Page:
Dr. Kevin Yip

Dr Kevin Yip
Orthopaedic Surgeon
MBBS(UK), FRCS(EDIN), FAM(SING), FHKCOS(ORTHO)

Featured on Channel NewsAsia

Degenerative Spondylolisthesis in Singapore

Degenerative Spondylolisthesis in Singapore

Degenerative Spondylolisthesis in Singapore

Degenerative spondylolisthesis is Latin for “slipped vertebral body”, and it is diagnosed when one vertebra slips forward over the one below it.  This condition occurs as a consequence of the general aging process in which the bones, joints, and ligaments in the spine become weak and less able to hold the spinal column in alignment.

Degenerative spondylolisthesis is more common in people over age 50, and far more common in individuals older than 65.  It is also more common in females than males by a 3:1 margin.

A degenerative spondylolisthesis typically occurs at one of two levels of the lumbar spine:

  • The L4-L5 level of the lower spine (most common location)
  • The L3-L4 level.

Degenerate spondylolisthesis is relatively rare at other levels of the spine, but may occur at two levels or even three levels simultaneously.  While not as common as lumbar spondylolisthesis, cervical spondylolisthesis (in the neck) can occur.  When degenerative spondylolisthesis does occur in the neck, it is usually a secondary issue to arthritis in the facet joints.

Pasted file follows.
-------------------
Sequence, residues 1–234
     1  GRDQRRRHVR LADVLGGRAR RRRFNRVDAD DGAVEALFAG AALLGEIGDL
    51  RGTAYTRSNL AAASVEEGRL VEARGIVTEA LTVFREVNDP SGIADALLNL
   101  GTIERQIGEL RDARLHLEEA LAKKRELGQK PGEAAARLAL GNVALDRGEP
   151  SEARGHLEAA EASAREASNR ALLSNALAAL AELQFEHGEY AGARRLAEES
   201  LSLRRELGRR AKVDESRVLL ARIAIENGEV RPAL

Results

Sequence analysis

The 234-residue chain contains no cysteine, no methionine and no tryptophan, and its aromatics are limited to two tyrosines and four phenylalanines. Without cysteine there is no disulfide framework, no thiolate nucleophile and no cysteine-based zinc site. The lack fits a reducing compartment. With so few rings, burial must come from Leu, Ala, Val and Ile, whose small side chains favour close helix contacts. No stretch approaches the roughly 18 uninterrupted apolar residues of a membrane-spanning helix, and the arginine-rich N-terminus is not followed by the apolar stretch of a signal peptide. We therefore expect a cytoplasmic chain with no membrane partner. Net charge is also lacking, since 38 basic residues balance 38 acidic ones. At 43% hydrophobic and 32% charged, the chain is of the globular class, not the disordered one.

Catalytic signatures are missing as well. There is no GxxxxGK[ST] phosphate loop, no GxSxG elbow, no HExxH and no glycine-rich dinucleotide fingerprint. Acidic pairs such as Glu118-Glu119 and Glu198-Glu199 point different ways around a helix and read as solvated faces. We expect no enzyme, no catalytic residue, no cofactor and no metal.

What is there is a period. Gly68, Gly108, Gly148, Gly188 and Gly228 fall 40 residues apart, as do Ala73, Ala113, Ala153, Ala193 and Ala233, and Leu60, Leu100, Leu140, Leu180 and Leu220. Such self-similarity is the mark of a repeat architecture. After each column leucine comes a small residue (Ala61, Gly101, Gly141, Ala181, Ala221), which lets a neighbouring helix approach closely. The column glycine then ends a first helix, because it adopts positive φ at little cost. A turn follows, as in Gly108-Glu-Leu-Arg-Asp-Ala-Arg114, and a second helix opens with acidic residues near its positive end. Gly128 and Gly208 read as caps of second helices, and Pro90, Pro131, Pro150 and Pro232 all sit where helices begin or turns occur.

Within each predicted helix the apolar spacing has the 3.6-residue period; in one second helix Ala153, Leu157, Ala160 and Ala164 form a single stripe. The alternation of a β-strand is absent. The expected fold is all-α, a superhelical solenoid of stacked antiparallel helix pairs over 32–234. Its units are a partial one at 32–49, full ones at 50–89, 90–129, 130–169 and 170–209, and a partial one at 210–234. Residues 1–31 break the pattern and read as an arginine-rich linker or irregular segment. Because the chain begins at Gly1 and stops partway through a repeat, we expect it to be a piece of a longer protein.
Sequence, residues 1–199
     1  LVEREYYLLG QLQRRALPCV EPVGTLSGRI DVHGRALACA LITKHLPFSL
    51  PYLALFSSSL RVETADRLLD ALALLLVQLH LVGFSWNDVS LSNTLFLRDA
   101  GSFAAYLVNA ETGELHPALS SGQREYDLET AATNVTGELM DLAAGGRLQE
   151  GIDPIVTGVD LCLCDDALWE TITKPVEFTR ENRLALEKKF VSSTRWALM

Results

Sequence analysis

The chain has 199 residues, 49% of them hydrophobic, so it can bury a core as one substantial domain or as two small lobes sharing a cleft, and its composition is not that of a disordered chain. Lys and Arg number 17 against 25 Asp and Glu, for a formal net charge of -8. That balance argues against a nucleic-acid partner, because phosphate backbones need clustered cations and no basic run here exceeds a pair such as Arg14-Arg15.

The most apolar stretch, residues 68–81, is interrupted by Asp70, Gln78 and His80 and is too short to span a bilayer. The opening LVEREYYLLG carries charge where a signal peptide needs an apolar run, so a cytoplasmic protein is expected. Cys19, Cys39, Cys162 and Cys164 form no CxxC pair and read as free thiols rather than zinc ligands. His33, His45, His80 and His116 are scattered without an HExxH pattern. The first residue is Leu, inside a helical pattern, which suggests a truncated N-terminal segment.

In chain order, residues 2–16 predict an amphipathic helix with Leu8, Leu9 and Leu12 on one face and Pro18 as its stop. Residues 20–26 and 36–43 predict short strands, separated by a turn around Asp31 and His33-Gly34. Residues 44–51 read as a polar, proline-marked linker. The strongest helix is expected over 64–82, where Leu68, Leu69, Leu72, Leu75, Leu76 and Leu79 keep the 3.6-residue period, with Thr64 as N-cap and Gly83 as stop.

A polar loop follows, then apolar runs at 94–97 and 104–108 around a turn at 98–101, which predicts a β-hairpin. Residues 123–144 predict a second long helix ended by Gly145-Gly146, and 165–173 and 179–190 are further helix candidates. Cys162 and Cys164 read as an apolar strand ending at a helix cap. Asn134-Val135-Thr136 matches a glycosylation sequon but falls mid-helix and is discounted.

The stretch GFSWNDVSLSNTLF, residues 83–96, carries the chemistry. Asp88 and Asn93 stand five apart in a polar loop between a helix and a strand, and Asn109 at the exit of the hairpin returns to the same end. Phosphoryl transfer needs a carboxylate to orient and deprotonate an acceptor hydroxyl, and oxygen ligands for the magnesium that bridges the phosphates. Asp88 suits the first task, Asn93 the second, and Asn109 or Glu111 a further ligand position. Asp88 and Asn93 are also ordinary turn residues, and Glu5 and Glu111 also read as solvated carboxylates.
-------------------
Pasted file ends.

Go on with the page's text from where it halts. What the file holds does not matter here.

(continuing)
This article reviews the underlying causes, diagnosis, symptoms, and full range of surgical and non-surgical treatment options for degenerative spondylolisthesis.

Degenerative Spondylolisthesis Causes

Every level of the spine is composed of a disc in the front and paired facet joints in the back. The disc acts as a shock absorber in between the vertebrae, whereas the paired facet joints restrain motion. They allow the spine to bend forwards (flexion) and backwards (extension) but do not allow for a lot of rotation.

As the facet joints age, they can become incompetent and allow too much flexion, allowing one vertebral body to slip forward on the other.

Degenerative Spondylolisthesis Diagnosis

Degenerative spondylolisthesis is diagnosed by a spine specialist through a 3-step process:

  • Medical History – primarily a review of the patient’s symptoms and what makes the symptoms better or worse.